To win the “Visa Fastest Lap Award” drivers will no longer have to set the fastest lap of the race. A driver could actually set the 11th fastest lap of the race, but still be given the award, and the point that goes with it.

That’s because only those that finish inside the top 10 will be eligible for the award.

It’s been more than a year since Sebastien Buemi and Lucas Di Grassi spent the final London ePrix diving in and out of the pits, trying to avoid the race as they battled for fastest lap and the crucial two points that would decide the championship.

The pair are not the only drivers to have abandoned a race to focus on taking points for the fastest lap, and Formula E organisers have tweaked the rules to stop drivers “sacrificing their ability to complete the race” by fighting for fastest lap.

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Only, instead of only ruling out people who abandon the race, organisers have decided nobody outside the top 10 should be able to claim the award, even if they set the fastest lap of the race whilst striving to finish as high up as possible.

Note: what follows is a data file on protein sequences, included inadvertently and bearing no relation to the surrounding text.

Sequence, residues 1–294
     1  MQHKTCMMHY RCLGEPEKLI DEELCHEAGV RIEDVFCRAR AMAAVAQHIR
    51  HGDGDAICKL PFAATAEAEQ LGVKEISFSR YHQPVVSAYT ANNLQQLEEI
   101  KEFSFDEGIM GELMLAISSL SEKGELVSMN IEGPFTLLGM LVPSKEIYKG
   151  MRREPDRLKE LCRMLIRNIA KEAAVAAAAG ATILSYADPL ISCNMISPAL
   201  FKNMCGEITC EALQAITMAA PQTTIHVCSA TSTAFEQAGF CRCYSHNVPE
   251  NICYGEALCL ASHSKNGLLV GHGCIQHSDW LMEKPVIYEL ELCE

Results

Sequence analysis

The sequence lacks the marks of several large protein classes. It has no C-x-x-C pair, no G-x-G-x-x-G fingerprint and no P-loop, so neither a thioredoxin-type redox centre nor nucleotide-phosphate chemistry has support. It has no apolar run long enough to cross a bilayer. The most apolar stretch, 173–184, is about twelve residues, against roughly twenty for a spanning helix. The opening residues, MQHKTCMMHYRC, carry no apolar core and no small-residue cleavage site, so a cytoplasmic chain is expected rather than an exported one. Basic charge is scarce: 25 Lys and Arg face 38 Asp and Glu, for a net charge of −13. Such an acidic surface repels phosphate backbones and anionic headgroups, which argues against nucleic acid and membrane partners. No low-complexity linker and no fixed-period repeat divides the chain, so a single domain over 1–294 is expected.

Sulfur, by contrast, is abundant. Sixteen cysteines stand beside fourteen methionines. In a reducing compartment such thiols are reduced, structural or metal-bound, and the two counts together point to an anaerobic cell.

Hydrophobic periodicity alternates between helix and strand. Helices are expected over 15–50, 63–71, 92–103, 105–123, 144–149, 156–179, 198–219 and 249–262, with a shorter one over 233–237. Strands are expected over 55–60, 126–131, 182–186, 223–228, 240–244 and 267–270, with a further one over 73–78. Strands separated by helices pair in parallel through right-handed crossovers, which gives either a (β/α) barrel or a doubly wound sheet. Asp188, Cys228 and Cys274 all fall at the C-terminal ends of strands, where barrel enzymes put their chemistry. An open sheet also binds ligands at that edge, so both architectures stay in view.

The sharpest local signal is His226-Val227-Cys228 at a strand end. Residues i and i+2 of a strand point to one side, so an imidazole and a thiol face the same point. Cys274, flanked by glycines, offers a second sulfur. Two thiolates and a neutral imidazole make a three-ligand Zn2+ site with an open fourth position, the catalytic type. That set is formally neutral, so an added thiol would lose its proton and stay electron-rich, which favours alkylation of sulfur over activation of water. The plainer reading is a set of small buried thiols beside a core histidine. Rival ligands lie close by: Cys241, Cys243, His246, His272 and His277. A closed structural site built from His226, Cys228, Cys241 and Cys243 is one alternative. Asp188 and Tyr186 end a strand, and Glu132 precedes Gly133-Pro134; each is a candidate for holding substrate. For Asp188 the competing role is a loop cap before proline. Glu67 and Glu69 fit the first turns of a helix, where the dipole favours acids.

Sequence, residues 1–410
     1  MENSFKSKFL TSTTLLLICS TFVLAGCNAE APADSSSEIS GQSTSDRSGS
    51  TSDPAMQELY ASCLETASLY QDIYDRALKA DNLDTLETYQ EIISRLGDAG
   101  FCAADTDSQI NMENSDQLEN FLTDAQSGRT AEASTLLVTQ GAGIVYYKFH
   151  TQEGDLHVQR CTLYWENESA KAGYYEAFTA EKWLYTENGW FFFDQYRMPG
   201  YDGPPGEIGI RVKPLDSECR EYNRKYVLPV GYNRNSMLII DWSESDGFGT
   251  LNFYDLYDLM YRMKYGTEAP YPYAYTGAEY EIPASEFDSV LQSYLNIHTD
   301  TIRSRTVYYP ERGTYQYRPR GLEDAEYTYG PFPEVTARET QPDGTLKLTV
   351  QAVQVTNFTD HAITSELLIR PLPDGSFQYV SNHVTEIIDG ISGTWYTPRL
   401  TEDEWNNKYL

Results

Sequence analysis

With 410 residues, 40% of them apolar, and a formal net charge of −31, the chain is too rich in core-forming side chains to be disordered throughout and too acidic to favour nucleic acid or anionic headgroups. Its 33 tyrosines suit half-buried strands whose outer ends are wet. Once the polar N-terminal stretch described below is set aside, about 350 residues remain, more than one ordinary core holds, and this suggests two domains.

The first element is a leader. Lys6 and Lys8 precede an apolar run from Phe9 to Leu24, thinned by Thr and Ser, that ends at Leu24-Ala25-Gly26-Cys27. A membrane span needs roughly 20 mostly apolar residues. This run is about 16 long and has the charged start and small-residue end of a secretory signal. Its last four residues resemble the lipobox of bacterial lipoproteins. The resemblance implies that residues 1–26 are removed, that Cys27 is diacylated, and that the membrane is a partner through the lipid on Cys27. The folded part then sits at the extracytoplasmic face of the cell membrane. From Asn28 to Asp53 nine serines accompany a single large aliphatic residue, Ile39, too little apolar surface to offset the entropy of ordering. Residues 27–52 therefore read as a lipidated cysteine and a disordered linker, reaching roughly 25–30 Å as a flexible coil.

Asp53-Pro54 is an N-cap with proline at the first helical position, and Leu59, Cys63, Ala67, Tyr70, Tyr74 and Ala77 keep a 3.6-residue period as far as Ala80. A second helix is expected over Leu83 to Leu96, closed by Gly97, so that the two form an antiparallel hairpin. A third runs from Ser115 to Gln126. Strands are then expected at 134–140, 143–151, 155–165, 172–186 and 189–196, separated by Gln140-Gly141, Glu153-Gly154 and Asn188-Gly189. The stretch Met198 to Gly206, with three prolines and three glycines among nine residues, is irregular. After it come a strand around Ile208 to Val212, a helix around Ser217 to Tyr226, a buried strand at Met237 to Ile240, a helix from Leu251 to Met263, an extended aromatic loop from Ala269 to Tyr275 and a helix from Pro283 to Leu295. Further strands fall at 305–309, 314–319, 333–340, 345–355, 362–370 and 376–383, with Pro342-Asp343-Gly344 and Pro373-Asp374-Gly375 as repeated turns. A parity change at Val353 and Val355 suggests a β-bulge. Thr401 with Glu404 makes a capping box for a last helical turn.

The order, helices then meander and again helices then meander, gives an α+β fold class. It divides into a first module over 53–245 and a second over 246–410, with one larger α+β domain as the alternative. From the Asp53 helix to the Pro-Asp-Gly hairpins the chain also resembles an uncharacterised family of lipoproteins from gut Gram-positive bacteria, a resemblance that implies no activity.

The new tweak to the fastest lap rule goes too far. There are any number of ways a driver who finishes outside the regular points scoring positions could set the fastest lap of the race.

a driver could set the fastest lap in the first stint, only to drop to the back of the field with a poor pit stop and finish further down the order. Or he could start towards the back of the grid, struggle to pass a slow driver, then speed away once he’s past to try to catch up with the driver ahead. Or a driver in the bottom half of the results could just set a fast lap.

It’s understandable why Formula E wants to stop drivers abandoning the race, but there is a much simpler solution that doesn’t defeat the purpose of it being a “fastest lap” award: make the point only available to drivers who finish within two laps of the race winner.

It’s a far from perfect addition, as drivers could still set the fastest lap then retire before the end of the race, but it solves the problem Formula E has faced and means the award will more likely actually go to the driver who sets the fastest lap.